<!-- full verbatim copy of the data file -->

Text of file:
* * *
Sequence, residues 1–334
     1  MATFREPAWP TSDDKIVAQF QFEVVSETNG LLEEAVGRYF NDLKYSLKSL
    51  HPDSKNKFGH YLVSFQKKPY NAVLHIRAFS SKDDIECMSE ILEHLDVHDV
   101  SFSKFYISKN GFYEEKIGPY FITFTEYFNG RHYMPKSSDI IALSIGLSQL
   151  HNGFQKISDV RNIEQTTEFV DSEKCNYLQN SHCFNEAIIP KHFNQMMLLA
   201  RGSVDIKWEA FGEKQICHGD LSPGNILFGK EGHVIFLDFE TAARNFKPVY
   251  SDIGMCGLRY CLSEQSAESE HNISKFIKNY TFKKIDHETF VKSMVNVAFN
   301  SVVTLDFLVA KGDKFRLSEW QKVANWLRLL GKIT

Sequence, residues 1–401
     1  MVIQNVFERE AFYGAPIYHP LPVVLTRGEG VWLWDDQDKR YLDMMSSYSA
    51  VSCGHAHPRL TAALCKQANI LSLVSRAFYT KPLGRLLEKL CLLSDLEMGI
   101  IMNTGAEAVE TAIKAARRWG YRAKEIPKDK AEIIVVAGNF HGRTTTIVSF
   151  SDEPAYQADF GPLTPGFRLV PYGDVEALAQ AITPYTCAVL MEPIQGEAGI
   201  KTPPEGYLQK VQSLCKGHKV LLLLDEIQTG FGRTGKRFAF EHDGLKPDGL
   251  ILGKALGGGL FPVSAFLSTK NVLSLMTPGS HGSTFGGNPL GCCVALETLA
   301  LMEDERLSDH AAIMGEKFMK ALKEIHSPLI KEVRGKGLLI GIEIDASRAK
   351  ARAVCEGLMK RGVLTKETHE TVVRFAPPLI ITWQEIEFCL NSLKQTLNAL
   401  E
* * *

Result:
Sequence, residues 1–334
     1  MATFREPAWP TSDDKIVAQF QFEVVSETNG LLEEAVGRYF NDLKYSLKSL
    51  HPDSKNKFGH YLVSFQKKPY NAVLHIRAFS SKDDIECMSE ILEHLDVHDV
   101  SFSKFYISKN GFYEEKIGPY FITFTEYFNG RHYMPKSSDI IALSIGLSQL
   151  HNGFQKISDV RNIEQTTEFV DSEKCNYLQN SHCFNEAIIP KHFNQMMLLA
   201  RGSVDIKWEA FGEKQICHGD LSPGNILFGK EGHVIFLDFE TAARNFKPVY
   251  SDIGMCGLRY CLSEQSAESE HNISKFIKNY TFKKIDHETF VKSMVNVAFN
   301  SVVTLDFLVA KGDKFRLSEW QKVANWLRLL GKIT

Sequence, residues 1–401
     1  MVIQNVFERE AFYGAPIYHP LPVVLTRGEG VWLWDDQDKR YLDMMSSYSA
    51  VSCGHAHPRL TAALCKQANI LSLVSRAFYT KPLGRLLEKL CLLSDLEMGI
   101  IMNTGAEAVE TAIKAARRWG YRAKEIPKDK AEIIVVAGNF HGRTTTIVSF
   151  SDEPAYQADF GPLTPGFRLV PYGDVEALAQ AITPYTCAVL MEPIQGEAGI
   201  KTPPEGYLQK VQSLCKGHKV LLLLDEIQTG FGRTGKRFAF EHDGLKPDGL
   251  ILGKALGGGL FPVSAFLSTK NVLSLMTPGS HGSTFGGNPL GCCVALETLA
   301  LMEDERLSDH AAIMGEKFMK ALKEIHSPLI KEVRGKGLLI GIEIDASRAK
   351  ARAVCEGLMK RGVLTKETHE TVVRFAPPLI ITWQEIEFCL NSLKQTLNAL
   401  E